It is a sad but true fact: the medical profession is trained to treat the physical body, but not the person who inhabits that body. My training in medical school, forty-five years ago, is still typical of today’s training. It focuses on the anatomy, physiology, chemistry and pathology of health and disease. It is said that the mind resides in the brain, the total product of electrochemical impulses in several billion connections of nerve cells that is more complex and complex than the most advanced computers that exist today.

ARE YOU TIRED??

The short version is that conventional medicine only believes in what it can measure and quantify. I am sorry to say that you, I, and all the other unique and interesting people that populate this land are not (literally) living up to your standards of what is real and what is imaginary. In other words, we don’t really exist.

HAVING YOUR BODY TREATED

Over the years, I have increasingly come to appreciate the observation of Hippocrates: “It is more important to know what kind of person has a disease than to know what sort of illness a person actually facing.” We can observe from such appointment that he experienced the same tendencies in the doctors of his time that we perceive in today’s doctors.

Each of us is absolutely unique in our genetic makeup and in how our genes have interacted with our environment throughout life. Our body provides the basis for our interactions in the physical world, but it is not who we are and what we are. We also have emotions, mind, relationships (with other people and the environment) and a spiritual connection that contributes to our individuality.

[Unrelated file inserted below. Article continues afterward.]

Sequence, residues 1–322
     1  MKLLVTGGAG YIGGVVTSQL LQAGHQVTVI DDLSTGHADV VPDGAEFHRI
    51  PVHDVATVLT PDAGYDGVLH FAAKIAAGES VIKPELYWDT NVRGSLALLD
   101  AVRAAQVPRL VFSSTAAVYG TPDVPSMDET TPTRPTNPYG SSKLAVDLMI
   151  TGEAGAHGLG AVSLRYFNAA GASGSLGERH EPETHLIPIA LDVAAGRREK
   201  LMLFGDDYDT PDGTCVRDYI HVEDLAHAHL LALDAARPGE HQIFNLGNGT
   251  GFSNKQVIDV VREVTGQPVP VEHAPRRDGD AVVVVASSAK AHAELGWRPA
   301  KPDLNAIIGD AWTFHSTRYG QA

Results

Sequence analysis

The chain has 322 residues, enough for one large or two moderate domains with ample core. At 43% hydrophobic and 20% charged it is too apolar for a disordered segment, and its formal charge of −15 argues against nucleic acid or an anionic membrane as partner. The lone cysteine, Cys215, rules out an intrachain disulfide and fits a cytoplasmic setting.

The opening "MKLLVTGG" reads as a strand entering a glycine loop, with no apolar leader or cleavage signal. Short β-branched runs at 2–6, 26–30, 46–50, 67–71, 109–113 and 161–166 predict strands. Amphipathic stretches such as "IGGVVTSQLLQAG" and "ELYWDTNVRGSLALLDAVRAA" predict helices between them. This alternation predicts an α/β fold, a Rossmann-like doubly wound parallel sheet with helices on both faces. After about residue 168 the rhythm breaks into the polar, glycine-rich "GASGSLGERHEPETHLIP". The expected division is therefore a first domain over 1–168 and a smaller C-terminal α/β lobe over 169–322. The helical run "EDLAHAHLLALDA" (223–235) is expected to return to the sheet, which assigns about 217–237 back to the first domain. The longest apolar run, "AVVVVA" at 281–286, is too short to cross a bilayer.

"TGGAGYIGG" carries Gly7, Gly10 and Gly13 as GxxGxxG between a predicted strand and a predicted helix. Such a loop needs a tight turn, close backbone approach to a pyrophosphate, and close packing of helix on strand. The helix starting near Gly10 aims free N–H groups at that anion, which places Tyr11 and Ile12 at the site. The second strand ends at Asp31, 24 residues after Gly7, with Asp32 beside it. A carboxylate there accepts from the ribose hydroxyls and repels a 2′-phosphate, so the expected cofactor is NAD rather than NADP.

From this holistic perspective, our body participates in a symphony of interactions between the various aspects that understand who we are. To a large extent, our body is a reflection of the rest of us, and not the sole basis and determinant of who and what we are. In fact, from the Spirit’s perspective, “Our body is a biological feedback mechanism for our soul,” as Dr. Len Wisneski observed.

The conventional doctor has a vast experience in the diagnosis of the condition of the physical body and in the prescription of chemical products and other interventions to alter their functions when we present symptoms and diseases. Western medicine has dominated medical care, actively discouraging and excluding other health and healing approaches. We have been conditioned for many decades to present ourselves passively and patiently for the doctor’s evaluations and ministries.

We don’t have to discount and discredit our vast self-healing abilities like that. We can play an active role in all aspects of our health, even when symptoms and diseases occur.

Once we accept that our body is, in part, an expression of who we are as people, any change in our body can be perceived and explored as statements from some part of ourselves about our lives. For example, a pain, a viral respiratory infection or an injury can invite us to understand something about our place in the world at the moment they appear.